Sunny Ng, Pinebridge Investments
“Our most recent move was in October, when we de-risked some of our portfolios and moved about 11% out of equities and we moved to US treasuries,” said Sunny Ng, portfolio manager for global multi-asset at Pinebridge Investments, during a recent media briefing in Hong Kong.
He added that given the amount of uncertainty in the coming year, it will be better for investors to be in US treasuries than in other riskier fixed income assets, such as high yield and investment grade credit.
As of the end of October, US treasuries accounted for 12.8% of the firm’s multi-asset fund, the Global Dynamic Asset Allocation Fund, according to its fund factsheet. It is the highest allocation in the fund’s fixed income sleeve, which is around 30% of the portfolio.
Equities now make up 43% of the portfolio, which is down compared to 63% at the beginning of the year, according to data from FE Analytics. The remainder of the portfolio’s assets are in alternatives, including listed private equity, copper and global metals and mining.
Dependent on China
Although the fund has become defensive, Ng believes that there are opportunities in both the emerging market equities and debt markets.
People are seeing mixed messages from China's central government in terms of actually moving forward with the stimulus.
“But these are ideas that we wouldn’t implement until later,” he noted.
The firm’s multi-asset fund has around 5.7% of its assets in Asia-Pacific emerging market equities, down from 12.8% at the beginning of the year, according to FE data.
Ng believes that the performance of emerging markets, as well as the developed markets in Europe and Japan, will be dependent on whether China will be able to re-stimulate its economy.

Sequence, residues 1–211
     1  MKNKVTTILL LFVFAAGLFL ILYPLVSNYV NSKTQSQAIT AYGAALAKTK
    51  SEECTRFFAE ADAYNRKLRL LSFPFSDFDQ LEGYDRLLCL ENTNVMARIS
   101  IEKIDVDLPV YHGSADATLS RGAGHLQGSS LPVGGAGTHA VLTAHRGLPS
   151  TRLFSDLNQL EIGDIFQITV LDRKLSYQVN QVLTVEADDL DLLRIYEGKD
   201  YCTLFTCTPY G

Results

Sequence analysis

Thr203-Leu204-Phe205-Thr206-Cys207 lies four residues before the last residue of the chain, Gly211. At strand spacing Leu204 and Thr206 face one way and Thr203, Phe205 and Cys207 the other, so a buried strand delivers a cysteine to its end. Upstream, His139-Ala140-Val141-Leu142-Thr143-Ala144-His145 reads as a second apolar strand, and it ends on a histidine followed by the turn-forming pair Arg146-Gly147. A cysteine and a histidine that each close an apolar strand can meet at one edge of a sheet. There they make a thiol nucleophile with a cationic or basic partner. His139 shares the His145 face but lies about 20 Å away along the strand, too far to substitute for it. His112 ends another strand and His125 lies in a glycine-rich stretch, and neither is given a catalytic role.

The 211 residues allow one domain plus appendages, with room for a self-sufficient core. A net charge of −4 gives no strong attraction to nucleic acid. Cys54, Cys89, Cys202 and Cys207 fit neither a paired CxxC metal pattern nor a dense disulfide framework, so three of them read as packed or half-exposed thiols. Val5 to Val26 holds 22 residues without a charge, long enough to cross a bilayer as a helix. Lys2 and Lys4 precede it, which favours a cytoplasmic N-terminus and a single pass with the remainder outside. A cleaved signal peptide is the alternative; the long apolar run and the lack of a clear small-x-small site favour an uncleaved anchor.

“Why the rest of the world lagged behind so much is really about [the slowdown] in China,” he said.
Although headline GDP figures show at least a 6% growth in the country, other economic indicators, such as freight and cargo trade data, have remained flat since the beginning of the year, according to Ng.
But the recovery of the Chinese economy will depend on how well the government will be able to implement fiscal and monetary policy, Ng noted.
“Our view at the moment is that they still have a lot of policy room, particularly on the fiscal side, with the tax cuts being a helpful type of stimulus. Taxes continue to be relatively high, so there is room to cut on that side,” he said.
The country has also cut banks’ reserve requirement ratio (RRR) to increase the amount of cash in the country, according to Ng.
“They obviously have room with RRR cuts, although the effectiveness of that is somewhat questionable. Our work on the ground shows that people are seeing mixed messages from the central government in terms of actually moving forward with the stimulus.
“So there is still a lot of scepticism if whether that would work. But if it does work, what you are likely to see is the rest of the world moving together with the US from a growth perspective.”
The Global Dynamic Asset Allocation Fund vs the sector and benchmark indices over 3 years